Cet article a été publié dans un numéro de la revue, cliquez ici pour y accéder
Long-term therapy with MMF is safe and effective in AIH patients requiring second-line therapies.
These patients can be effectively managed at tertiary non-liver transplant centres.
Most patients with autoimmune hepatitis (AIH) respond to a combination of prednisolone and azathioprine. For patients who are intolerant or refractory to azathioprine, proposed alternative therapies are based on scarce data, limited to transplant centres and with short-term follow-up periods.
To evaluate the long-term efficacy and safety of MMF as a second-line therapy in patients with AIH managed at a tertiary non-transplant centre.
Retrospective analysis of a prospectively collated database identified AIH patients who received MMF from 2006 to 2015. Clinical, biochemical and immunological parameters were assessed at 3-, 6- and 12-months, and at last follow-up. Biochemical response (BR) was defined as improvement of transaminases, complete remission (CR) as normalisation of transaminases and IgG, while others were considered non-responders (NR).
Eighteen out of 151 (12%) AIH patients received MMF. Nine received MMF due to azathioprine-intolerance (group 1), while nine due to refractory disease (group 2). In group 1, CR and BR was achieved in six (67%) and two (22%) patients respectively. In group 2, CR and BR was achieved in one (11%) and five (56%) patients respectively. Adverse events occurred in eight patients (44%), with one patient requiring drug discontinuation. After a medium follow-up of 78 (31–116) months, there was a significant decrease in transaminase levels, mirrored by decrease in prednisolone dose from 25 to 6.25 mg/day (P<0.05).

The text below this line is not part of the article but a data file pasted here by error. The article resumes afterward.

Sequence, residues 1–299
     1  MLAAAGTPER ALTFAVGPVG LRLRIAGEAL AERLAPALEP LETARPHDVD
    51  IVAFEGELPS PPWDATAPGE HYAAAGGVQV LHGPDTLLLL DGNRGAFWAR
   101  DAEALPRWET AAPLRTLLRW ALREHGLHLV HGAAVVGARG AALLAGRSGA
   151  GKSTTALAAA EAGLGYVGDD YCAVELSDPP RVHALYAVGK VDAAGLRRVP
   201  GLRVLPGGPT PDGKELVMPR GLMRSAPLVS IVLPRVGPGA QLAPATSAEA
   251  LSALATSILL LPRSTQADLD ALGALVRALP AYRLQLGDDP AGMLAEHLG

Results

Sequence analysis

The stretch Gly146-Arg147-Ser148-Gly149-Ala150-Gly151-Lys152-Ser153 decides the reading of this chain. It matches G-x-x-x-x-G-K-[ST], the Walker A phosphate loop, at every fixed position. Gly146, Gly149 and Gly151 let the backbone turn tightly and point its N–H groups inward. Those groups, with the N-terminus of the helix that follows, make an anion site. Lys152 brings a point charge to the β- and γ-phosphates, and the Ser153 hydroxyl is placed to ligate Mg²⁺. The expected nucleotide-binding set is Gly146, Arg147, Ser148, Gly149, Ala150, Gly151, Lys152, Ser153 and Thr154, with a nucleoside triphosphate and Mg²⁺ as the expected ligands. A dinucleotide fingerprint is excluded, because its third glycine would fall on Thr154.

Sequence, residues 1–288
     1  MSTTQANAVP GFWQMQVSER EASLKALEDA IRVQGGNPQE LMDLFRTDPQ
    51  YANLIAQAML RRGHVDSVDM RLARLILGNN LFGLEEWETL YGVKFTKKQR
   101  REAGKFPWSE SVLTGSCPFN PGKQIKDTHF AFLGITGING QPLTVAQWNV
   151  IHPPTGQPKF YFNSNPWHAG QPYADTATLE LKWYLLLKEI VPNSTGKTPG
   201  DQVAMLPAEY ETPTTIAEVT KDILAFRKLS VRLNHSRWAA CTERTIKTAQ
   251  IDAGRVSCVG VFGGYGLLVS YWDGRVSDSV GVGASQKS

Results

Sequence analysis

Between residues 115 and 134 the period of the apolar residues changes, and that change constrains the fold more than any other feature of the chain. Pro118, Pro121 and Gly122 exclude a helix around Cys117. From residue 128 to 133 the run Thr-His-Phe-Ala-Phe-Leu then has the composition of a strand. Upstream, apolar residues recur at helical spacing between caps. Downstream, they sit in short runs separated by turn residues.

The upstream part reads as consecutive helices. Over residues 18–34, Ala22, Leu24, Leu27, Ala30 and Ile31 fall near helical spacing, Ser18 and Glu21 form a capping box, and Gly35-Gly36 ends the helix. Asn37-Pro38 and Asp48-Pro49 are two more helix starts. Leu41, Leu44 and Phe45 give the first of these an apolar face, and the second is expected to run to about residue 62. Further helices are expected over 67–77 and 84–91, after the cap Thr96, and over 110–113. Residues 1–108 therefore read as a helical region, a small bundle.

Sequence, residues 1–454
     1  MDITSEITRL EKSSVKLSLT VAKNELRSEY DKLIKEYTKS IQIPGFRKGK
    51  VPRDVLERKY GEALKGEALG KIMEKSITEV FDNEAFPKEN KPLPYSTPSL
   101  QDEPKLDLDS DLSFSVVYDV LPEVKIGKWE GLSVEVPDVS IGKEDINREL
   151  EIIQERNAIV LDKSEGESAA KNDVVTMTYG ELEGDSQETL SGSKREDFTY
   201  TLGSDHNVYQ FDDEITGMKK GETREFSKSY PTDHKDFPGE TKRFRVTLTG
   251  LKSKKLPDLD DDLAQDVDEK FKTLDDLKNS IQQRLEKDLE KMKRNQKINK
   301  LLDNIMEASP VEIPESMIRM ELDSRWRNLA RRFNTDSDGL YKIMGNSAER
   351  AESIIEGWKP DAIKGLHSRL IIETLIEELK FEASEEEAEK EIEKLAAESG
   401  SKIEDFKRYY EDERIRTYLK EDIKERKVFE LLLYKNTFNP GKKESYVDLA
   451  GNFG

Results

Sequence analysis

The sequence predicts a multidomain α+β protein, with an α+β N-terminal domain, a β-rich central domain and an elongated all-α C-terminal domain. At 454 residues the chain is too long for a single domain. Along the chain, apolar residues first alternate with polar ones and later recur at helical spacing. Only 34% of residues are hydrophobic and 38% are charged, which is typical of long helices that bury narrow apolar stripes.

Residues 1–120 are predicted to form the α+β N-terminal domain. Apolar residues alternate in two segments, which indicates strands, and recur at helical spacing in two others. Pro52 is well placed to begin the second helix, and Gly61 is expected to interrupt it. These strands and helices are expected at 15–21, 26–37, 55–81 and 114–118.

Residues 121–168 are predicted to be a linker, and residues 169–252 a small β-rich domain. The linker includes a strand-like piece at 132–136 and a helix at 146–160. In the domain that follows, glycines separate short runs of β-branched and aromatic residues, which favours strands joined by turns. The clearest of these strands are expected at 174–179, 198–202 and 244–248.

Long-term therapy with MMF is safe and effective in AIH patients requiring second-line therapies, and these patients can be effectively managed at tertiary non-liver transplant centres.Le texte complet de cet article est disponible en PDF.
Keywords : Autoimmune hepatitis, Second-line therapy, Mycophenolate mofetil